MLC and Sparke Helmore Lawyers recover over half a million for workers in new initiative


Marrickville Legal Centre’s (MLC) employment law team, in partnership with Sparke Helmore Lawyers, has stepped up to the mark to assist a new wave of vulnerable workers that emerged during the pandemic.

The COVID-19 pandemic resulted in over 1 million Australians being laid off or stood down, creating an unprecedented increase in demand for employment law services from individuals who form the ‘missing middle’. Many of these individuals lost their income, rendering them vulnerable and financially disadvantaged. The missing middle has long been locked out of legal assistance and describes the large group of people who earn over the eligibility threshold for government or community legal services but remain unable to afford private legal assistance. Generally, the missing middle is turned away from free legal services and ongoing representation, even in circumstances where they are fired or are concerned about their employment.

MLC’s innovative project – the Low Bono Legal Service (Low Bono) is designed to give people options and improve access to justice. Low Bono provides affordable, fixed-fee representation to clients who are experiencing financial distress but would not otherwise get access to free legal support through Legal Aid or community legal centres. In the first 12 months since its launch, Low Bono has recovered $551,456.99 for its clients. Low Bono is led by Lucy Carroll (pictured above) alongside employment solicitors Genevieve Barry and Brigid McManus with a generous rotation of secondee employment lawyers and graduates from Sparke Helmore Lawyers.

Ms Carroll, who was last year recruited to help MLC meet the increased demand, says:

“Initially we expected this [COVID-19] to be a short-term increase in demand, however the increase has become the ‘new normal’ and effectiveness of Low Bono demonstrates that there are many individuals in our community that were locked out of accessing justice before COVID-19 created problems for employees.”

The project would not be possible without the incredible support of Sparke Helmore Lawyers.  Associate Jessica Phillips, who has been seconded to Low Bono since January, works closely with MLC and Sparke Helmore’s team of Workplace lawyers and law graduates. Ms Phillips sees the benefit of the project first-hand.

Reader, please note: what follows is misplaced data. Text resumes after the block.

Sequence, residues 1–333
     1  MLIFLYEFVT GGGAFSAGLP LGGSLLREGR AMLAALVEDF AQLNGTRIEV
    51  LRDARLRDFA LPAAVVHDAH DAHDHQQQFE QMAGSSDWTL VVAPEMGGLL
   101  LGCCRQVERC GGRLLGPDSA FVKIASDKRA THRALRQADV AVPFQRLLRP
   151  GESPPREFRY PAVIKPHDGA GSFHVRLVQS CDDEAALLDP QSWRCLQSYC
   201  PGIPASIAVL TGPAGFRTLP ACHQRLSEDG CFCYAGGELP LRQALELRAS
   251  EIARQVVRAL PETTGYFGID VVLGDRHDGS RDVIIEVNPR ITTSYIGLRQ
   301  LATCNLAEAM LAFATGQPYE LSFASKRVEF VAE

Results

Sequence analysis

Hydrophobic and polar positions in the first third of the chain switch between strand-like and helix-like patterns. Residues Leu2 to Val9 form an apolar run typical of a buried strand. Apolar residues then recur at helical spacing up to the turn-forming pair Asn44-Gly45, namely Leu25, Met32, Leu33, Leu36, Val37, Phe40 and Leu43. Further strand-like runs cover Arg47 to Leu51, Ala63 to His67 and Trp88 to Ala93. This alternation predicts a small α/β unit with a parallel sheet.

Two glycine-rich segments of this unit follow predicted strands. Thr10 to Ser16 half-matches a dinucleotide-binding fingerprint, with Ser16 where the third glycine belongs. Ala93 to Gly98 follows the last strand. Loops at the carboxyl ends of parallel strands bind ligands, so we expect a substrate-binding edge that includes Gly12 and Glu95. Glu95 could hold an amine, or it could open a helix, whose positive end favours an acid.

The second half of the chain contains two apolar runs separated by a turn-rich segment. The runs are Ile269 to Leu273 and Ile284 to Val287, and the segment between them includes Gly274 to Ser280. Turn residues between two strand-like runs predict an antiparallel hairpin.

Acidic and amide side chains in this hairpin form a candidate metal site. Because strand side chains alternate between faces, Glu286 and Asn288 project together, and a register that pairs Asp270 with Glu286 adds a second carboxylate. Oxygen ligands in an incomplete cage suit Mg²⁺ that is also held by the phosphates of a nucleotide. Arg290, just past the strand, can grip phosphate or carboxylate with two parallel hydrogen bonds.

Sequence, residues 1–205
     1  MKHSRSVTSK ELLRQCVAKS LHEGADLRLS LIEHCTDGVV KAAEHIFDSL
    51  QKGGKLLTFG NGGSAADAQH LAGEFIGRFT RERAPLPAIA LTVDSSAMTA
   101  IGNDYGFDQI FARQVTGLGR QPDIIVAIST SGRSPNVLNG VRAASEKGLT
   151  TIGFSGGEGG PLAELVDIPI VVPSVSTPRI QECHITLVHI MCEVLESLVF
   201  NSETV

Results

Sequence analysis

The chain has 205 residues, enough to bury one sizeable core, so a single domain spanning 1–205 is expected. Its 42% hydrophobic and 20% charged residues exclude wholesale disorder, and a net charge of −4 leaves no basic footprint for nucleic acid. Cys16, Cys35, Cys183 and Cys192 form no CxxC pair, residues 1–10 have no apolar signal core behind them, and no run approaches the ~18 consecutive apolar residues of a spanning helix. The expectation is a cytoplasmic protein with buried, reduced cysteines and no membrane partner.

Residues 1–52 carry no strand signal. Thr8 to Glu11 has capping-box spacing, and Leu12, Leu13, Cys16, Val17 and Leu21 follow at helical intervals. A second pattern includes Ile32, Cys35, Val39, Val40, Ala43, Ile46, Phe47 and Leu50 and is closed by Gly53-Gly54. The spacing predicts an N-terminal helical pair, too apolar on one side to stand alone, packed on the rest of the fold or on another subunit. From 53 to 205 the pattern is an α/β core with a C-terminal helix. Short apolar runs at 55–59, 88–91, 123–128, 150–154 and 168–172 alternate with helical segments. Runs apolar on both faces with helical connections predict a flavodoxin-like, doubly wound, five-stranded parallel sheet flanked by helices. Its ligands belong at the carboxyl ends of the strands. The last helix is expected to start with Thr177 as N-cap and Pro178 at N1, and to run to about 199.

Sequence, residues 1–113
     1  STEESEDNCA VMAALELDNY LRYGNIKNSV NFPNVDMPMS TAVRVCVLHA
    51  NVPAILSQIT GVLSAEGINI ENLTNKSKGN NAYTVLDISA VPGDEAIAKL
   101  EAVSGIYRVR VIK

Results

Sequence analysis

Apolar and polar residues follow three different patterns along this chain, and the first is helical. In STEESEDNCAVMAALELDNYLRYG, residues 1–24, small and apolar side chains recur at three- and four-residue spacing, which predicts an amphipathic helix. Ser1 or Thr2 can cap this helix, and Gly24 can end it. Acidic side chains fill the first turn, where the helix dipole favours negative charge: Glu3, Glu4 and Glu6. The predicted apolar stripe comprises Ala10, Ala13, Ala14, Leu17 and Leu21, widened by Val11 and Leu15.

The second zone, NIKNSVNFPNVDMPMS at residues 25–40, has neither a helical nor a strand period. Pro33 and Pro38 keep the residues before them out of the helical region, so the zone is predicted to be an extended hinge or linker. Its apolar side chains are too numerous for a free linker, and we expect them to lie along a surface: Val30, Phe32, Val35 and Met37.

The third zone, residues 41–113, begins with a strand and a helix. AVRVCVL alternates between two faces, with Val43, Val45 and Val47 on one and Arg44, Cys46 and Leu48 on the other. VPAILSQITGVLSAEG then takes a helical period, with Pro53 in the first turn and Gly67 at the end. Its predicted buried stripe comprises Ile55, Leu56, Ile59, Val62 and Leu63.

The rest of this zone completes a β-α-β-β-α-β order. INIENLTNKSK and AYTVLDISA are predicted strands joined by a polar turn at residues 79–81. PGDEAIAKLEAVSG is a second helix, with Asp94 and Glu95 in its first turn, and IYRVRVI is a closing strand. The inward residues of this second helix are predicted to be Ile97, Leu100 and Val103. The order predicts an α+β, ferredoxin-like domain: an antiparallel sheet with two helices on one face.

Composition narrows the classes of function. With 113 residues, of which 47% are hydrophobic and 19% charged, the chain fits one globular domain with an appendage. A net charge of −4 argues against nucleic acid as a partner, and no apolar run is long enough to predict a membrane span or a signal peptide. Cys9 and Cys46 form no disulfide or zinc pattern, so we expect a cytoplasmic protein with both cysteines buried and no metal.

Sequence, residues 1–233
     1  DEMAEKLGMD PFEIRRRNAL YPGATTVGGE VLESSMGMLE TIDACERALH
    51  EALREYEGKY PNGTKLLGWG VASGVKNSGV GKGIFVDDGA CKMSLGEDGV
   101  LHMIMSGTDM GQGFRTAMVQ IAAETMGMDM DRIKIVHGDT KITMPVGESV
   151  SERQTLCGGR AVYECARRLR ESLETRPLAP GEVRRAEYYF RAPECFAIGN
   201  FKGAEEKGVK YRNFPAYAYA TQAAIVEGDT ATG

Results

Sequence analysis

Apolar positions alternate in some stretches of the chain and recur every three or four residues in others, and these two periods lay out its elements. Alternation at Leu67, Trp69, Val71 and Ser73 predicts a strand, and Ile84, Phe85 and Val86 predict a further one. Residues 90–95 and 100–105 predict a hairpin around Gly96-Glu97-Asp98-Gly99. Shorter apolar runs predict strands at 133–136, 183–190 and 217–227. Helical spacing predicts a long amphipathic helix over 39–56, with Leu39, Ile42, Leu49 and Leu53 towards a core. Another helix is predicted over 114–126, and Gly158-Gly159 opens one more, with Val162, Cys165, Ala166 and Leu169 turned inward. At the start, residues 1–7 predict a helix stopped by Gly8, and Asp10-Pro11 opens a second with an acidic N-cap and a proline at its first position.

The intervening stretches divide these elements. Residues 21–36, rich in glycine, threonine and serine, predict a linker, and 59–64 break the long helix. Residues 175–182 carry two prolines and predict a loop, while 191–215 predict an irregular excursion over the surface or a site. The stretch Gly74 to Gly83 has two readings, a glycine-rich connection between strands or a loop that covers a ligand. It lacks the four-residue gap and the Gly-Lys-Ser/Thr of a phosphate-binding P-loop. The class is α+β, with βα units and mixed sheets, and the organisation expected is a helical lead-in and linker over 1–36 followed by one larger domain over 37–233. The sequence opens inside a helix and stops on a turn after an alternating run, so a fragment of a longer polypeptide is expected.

“Workplace disputes can be very stressful for individuals who may not understand their workplace rights or even know how to find information about them,” says Ms Phillips. “My involvement in the Low Bono Legal Service has allowed me to assist people to understand their rights under the law nd navigate the legal system, which can be overwhelming at times.”

Clients can approach Low Bono for legal advice on matters including unfair dismissal, underpayment claims and general protections (involving dismissal) applications, complaints to the Australian Human Rights Commission, ‘Stop bully’ applications and negotiating an exit strategy.

The affordable, fixed-fee service has been invaluable for clients like Daria, who lost her job during the pandemic.

Daria* had been employed by a not-for-profit organisation as a Venue Manager in 2020. Daria* had made some enquiries about her contract and requested an explanation of how the hourly rate was calculated. Shortly after, Daria* was dismissed for poor performance and not meeting probation.

When Daria* contacted MLC, she learned that she may have a general protections claim involving dismissal. Daria* did not want to represent herself and did not fit any of MLC’s priority group criteria’s so she was referred to Low Bono.

Through Low Bono, MLC was able to represent Daria* in a general protections application and successfully obtain compensation in excess of $9000 for the economic loss and stress, hurt and humiliation suffered as a result of her dismissal.

Since the launch of Low Bono, Sparke Helmore Lawyers has provided up to 30 hours of support each week through lawyer secondments, in addition to a six-month full-time secondee who helped establish the service.

Since the end of JobKeeper this week on 28 March, Low Bono has been preparing for another surge in demand from the thousands of NSW residents projected to lose work.

“Challenging times require innovative solutions,” says MLC’s Managing Principal Solicitor, Vasili Maroulis. “MLC is proud of this exciting project, which has allowed us to help more people, with all funds generated going back into providing more services for our community. People need to have access to quality legal advice and representation, especially when they’ve lost their job and are at their most vulnerable.”

Given the success of the pilot in employment law, MLC hopes to expand Low Bono to help family law clients who are unable to secure the assistance of Legal Aid or other community legal centres and cannot afford private fees.

*Name has been changed to protect the privacy of the individual.

Media enquiries: Maeve Redmond